Streaking: A Year In Review

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I wrote about “Streaking” last January here:

Here is a small summary of what I wrote last January :

“Jeff Downs, the guy with the big idea, is in the process of writing his book. He said there are three rules.”

  1. It has to be laughingly simple
  2. You must keep score
  3. Find a community

“Laughingly simple means it is so easy it can be done everyday. Keeping score means marking a calendar, and a community can be your family, or say, a running group or an online forum.’ This is what structure looks like on making habits stick.

“So my first streak is organizing anything in my house or car 5 minutes a day.’

“My second streak is working on sewing , jewelry, photos or my aunt’s papers which are stored in my sewing room for 5 minutes a day.”

A year later I am here to report Streaking is a great idea. It has taken the small compounding idea talked about in Atomic Habits and linked them so that you can have a long chain of  tiny success everyday. Through the year I reduced both goals to 1 minute (more laughingly simple) and it produced the amplifying results that James Clear wrote  about in my last post on Atomic Habits. I worked on organizing every part of our house, but didn’t record it or form a community. By the last three months I had stopped my one minute organizing streak. Sewing or working on other projects in my sewing room has stuck. I am given cast off clothes by my daughters to be changed or my own stuff needs to be ironed or hemmed. That 6 minute focus a week kept my clothes and our household in good shape throughout the year.  It always stretches to more time than 6 minutes a week but that small habit means it is an ongoing lifestyle change for me. My Structure/Cue is that my sewing room is next to the room where I exercise so I go right next door and look around at what I have place there that needs fixing. I also, at the end of last year, used the minute a day to go through piles of stuff that had sat in the sewing room  all year. Someone said that piles are put off decisions, and I had quite a few. That was the “addition through subtraction” principle James Clear talked about when I reduced mind friction in my sewing room so that it is all clear when I go in there and has become a wonderful place to work for me.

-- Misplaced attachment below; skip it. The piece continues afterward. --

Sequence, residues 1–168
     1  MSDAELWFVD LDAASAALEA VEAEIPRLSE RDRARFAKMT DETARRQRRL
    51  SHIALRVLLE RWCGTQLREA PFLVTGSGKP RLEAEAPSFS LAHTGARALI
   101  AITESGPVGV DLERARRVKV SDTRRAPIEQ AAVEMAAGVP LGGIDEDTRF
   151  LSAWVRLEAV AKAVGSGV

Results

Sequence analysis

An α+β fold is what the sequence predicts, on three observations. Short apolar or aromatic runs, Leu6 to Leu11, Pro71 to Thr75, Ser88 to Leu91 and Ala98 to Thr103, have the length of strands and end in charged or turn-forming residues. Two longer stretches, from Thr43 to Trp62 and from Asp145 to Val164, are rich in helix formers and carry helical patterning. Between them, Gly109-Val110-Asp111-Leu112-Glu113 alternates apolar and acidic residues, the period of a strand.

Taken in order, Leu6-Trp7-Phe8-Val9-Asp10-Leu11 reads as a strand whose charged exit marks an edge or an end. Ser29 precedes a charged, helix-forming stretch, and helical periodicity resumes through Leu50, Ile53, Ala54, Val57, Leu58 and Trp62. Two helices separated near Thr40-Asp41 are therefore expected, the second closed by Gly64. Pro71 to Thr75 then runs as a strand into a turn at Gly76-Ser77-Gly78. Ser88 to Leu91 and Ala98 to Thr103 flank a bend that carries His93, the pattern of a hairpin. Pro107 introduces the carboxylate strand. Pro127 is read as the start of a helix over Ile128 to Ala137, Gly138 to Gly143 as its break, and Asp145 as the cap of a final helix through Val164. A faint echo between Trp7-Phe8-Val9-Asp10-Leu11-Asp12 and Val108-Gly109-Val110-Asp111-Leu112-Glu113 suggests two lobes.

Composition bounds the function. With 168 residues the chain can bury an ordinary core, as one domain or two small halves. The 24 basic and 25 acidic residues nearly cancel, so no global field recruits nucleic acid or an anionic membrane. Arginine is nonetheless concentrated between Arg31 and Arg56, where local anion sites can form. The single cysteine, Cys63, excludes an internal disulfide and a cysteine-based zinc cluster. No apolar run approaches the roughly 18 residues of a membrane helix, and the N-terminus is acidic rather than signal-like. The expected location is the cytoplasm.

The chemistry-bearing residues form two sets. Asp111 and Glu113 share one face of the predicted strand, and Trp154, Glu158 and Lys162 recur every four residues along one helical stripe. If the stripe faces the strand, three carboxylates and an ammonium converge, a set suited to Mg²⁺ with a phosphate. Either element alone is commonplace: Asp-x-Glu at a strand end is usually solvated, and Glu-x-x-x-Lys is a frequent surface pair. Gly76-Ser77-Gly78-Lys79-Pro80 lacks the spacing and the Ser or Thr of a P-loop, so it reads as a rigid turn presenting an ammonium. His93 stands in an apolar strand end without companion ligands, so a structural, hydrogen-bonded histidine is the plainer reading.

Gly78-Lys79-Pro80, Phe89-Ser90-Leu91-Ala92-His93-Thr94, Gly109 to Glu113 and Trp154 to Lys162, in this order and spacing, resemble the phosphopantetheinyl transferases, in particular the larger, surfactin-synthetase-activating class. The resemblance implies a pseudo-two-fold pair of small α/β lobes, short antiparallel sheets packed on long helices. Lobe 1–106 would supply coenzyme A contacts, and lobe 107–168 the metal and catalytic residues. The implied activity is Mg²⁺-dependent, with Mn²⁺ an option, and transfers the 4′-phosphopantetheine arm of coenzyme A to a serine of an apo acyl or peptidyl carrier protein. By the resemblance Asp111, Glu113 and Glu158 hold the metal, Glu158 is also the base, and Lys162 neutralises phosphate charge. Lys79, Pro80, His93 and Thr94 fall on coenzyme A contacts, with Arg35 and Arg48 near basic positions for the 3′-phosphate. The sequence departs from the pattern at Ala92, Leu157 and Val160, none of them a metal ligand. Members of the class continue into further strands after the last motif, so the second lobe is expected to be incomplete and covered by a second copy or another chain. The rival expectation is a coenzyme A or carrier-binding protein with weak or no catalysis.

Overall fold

What I found through the year was my streaking habits worked well 6 days a week but inevitably on Sundays I would forget, because I don’t exercise on Sunday. I talked to my husband about it last month and he said for him, “Sunday is None-day”– Meaning he had a completely different mindset and schedule on Sunday and so he would break his streaking chain every week. I didn’t know that he was doing that! As members of the Church of Jesus Christ of Latter-day Saints, one of our core beliefs is keeping the Sabbath day holy, so when he shared that with me, I thought, “Yes, of course!”

Streaking  all year let me see the power of compounding small habits. It has made two home-keeping chores that I never seemed to get to, doable, and not always nagging me at the back of my mind.

This week I have started my one minute organizing and sewing room habits again. I have improved my structure around my streaking habits because I have placed them securely next to my exercising habit which has become pretty cemented. Here’s to another year of getting stuff done! Of slowly,  minutely, making progress. What are some laughingly simple changes you would like to make?

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